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A stirring, luminous work in the tradition of The Cloister Walk.
Wandering into a forgotten downtown Cleveland church for a Christmas mass, Kristin Ohlson discovered the Poor Clares?a tiny, threadbare congregation of cloistered elderly nuns with one mission: to pray day and night (literally 24 hours a day, 7 days a week) for the sorrows of the world. Ohlson?utterly enchanted by these devoted women?started to attend church for the first time in many years. So began her three-year...
A stirring, luminous work in the tradition of The Cloister Walk.
Wandering into a forgotten downtown Cleveland church for a Christmas mass, Kristin Ohlson discovered the Poor Clares—a tiny, threadbare congregation of cloistered elderly nuns with one mission: to pray day and night (literally 24 hours a day, 7 days a week) for the sorrows of the world. Ohlson—utterly enchanted by these devoted women—started to attend church for the first time in many years. So began her three-year dialogue with the Poor Clares, a dialogue that afforded Ohlson a fascinating, unprecedented glimpse into the intensely private nuns and their life in the cloister. Why, she wonders, have these women retreated from the world to joyfully devote themselves to perpetual adoration? How do they sustain their faith? And what, ultimately, is faith?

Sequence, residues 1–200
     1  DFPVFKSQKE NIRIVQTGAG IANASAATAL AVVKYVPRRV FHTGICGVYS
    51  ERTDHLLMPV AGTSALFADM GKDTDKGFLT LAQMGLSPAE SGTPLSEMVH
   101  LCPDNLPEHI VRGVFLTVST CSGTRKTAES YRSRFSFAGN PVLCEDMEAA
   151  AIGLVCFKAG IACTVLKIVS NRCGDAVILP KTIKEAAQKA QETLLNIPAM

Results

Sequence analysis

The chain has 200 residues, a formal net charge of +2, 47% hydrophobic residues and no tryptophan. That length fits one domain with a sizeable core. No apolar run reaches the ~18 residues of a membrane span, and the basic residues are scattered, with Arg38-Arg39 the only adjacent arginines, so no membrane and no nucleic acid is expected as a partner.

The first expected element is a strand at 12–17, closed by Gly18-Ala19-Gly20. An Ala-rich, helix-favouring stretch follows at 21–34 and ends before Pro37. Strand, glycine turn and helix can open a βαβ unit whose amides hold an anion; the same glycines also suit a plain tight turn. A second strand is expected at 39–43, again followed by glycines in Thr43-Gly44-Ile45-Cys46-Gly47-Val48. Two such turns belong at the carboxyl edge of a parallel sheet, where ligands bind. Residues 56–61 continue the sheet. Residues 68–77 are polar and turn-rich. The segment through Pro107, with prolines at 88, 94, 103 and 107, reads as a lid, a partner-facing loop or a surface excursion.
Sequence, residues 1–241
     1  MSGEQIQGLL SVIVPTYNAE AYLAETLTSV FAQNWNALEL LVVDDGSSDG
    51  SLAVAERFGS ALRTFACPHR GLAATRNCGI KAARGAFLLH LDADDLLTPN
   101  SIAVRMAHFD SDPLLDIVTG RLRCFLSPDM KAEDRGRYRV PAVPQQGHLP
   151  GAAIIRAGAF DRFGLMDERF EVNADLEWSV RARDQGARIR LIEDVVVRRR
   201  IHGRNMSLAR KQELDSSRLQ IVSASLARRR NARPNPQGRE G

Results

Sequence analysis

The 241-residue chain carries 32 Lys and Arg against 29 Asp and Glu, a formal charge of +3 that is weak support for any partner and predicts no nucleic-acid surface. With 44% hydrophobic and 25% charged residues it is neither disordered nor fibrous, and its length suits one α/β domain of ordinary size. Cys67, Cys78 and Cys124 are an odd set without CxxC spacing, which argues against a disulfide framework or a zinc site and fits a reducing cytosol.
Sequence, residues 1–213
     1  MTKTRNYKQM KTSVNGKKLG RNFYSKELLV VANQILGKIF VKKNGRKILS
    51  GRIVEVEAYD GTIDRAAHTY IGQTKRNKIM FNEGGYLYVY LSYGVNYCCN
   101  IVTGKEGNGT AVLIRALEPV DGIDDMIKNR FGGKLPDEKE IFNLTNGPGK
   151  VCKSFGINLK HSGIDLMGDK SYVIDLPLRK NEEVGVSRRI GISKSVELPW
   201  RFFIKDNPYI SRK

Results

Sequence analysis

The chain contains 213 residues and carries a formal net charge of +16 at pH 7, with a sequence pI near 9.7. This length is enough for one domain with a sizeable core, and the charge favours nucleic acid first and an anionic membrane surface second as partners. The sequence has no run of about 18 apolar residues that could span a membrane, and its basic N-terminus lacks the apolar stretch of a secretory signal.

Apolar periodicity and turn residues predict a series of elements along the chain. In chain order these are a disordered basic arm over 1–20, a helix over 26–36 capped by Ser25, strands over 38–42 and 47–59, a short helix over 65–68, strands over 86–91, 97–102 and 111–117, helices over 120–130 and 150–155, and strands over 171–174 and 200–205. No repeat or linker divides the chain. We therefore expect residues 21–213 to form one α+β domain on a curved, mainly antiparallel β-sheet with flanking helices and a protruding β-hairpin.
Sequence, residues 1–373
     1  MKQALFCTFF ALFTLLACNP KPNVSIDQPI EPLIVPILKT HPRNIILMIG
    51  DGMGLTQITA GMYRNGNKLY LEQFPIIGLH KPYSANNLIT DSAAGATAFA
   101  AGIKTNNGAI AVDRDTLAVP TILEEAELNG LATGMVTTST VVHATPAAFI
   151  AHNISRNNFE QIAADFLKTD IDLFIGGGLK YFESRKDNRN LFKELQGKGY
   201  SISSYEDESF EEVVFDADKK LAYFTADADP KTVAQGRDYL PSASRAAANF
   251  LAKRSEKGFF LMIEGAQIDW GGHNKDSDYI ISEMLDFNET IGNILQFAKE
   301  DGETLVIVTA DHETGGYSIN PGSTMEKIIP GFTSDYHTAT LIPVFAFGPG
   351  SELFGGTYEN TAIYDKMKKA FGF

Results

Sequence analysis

As Ohlson—a long-time skeptic—opens up to the Poor Clares, she opens herself to the possibility of the sacred. The result is an inspiring personal journey as well as a poignant reflection on the power of the church and faith, no matter what our religion may be.